yesterday at the Guildhall of this Borough, to hear a Lecture delivered by
Joseph Lancaster on the subject of the Education of the Poor, a motion was made
and seconded, after the Lecture, that THOMAS CLARKSON be called to the Chair;
after which the following Resolutions were agreed to:
Resolved, That as the EDUCATION of the POOR, by enabling them to read
the Scriptures, has a direct tendency to improve their moral condition, and to
make them more useful and respectable members of the community in which they
live, any plan, which promotes, this object at the smallest expense, ought to
Resolved, That a School for Boys, for teaching READING, WRITING, and
ARITHMETIC, be established in this town on the plan detailed by Joseph
Lancaster: a plan which continues to be honoured with the firm patronage of the
King and Royal Family: and also a similar School for Girls, if the funds of the
institution should admit of it.
Resolved, That a subscription be now opened for carrying this plan into
Resolved, That a committee be appointed to collect subscriptions, to
look out for a suitable building, to open and organize the School, and to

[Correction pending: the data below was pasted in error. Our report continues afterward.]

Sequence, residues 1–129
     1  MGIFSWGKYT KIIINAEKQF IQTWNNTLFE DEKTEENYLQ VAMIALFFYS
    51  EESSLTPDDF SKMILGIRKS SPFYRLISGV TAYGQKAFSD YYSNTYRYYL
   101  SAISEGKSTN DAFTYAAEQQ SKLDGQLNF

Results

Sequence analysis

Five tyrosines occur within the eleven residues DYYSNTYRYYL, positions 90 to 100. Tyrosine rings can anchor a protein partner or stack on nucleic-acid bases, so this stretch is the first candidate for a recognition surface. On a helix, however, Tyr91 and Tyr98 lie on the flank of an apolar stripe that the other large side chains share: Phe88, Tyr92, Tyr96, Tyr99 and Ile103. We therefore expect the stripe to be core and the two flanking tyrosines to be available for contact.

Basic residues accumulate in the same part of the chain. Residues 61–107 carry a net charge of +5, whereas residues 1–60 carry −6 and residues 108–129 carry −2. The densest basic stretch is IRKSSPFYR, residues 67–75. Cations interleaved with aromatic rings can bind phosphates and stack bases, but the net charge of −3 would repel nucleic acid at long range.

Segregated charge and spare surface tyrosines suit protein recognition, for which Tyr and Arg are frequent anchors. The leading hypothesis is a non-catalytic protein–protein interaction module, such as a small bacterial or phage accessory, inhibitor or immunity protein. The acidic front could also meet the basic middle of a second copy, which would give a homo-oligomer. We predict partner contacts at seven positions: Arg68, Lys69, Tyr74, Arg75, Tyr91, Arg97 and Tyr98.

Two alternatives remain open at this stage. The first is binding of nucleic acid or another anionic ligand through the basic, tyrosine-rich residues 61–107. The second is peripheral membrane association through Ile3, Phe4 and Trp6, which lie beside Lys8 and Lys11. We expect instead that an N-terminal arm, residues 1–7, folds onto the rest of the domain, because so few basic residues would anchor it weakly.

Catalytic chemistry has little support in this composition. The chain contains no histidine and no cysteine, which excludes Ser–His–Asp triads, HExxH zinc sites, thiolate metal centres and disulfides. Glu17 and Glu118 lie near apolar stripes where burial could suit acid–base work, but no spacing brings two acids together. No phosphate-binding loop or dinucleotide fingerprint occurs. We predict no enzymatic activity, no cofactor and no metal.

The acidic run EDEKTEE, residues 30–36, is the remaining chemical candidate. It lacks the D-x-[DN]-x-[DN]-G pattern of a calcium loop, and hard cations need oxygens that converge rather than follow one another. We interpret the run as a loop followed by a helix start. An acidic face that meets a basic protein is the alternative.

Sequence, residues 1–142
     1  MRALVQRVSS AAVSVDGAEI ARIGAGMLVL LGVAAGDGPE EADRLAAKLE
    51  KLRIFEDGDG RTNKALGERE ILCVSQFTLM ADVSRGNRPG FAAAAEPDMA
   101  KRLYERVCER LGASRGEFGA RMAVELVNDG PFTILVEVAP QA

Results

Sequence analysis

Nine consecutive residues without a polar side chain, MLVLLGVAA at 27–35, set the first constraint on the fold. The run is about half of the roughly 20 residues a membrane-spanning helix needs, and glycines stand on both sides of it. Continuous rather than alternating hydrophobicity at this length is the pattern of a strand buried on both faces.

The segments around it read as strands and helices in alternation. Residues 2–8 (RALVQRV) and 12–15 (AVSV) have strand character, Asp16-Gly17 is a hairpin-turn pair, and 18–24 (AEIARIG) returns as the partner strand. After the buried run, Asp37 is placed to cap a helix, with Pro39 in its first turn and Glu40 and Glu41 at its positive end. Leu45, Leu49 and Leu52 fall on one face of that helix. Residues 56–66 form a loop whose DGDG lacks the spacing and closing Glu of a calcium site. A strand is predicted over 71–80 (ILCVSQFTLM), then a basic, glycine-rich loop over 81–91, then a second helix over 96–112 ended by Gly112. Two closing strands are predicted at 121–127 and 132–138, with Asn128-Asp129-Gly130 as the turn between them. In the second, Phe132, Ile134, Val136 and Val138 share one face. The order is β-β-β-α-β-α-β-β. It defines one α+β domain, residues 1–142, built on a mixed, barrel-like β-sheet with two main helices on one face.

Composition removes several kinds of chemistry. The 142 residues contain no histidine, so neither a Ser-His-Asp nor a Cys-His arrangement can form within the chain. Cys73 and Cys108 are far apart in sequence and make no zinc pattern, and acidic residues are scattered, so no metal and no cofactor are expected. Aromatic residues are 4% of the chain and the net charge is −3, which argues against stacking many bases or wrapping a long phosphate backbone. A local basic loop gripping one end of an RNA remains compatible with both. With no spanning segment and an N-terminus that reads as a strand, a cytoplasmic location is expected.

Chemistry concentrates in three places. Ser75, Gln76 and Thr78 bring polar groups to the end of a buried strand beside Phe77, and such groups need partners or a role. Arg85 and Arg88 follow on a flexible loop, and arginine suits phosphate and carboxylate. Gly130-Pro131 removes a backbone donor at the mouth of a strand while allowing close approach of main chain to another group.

report the result to a general meeting of the subscribers.
Resolved, That this committee consist of nine persons, and that they
have power to enlarge their number.
Resolved, That the thanks of this meeting be given to Joseph Lancaster
for his voluntary attendance at Bury, and for the great good which he has
already been the means of producing, on account of his System of Education, in
various parts of the kingdom.
THOMAS CLARKSON, Chairman.
Resolved, That the thanks of this meeting be given to the Chairman.
Dr. Wallis, a clergyman of Ipswich, remarkable for the liberality of his
sentiments, came over from Ipswich to Bury (twenty-six miles) on purpose to
hear the author's lecture, and was so well satisfied, as to invite him to
Ipswich, and to make his house his home while there, promising to obtain the
Town-hall for a lecture, as well as to introduce him to his brethren the
clergy, and to the magistrates. The invitation was so nobly given, that it
would have been ingratitude to decline it. It was accepted with pleasure. Not
only Dr. Wallis, but his fellow clergymen, and the worthy chief magistrate of
the town, and a number of the most respectable gentry in the place, of alt
classes and religious professions, joined in receiving him, in a way so
liberal, that will rank their names and characters as friends of the poor, high
in the annals of christian benevolence. The philanthropy of the inhabitants of
the town, confirmed the judgment of those persons who first patronized
J. L. in Ipswich, the following resolutions were entered into, and Dr. Wallis
received the thanks of the whole town.
IPSWICH, April 3, 1810.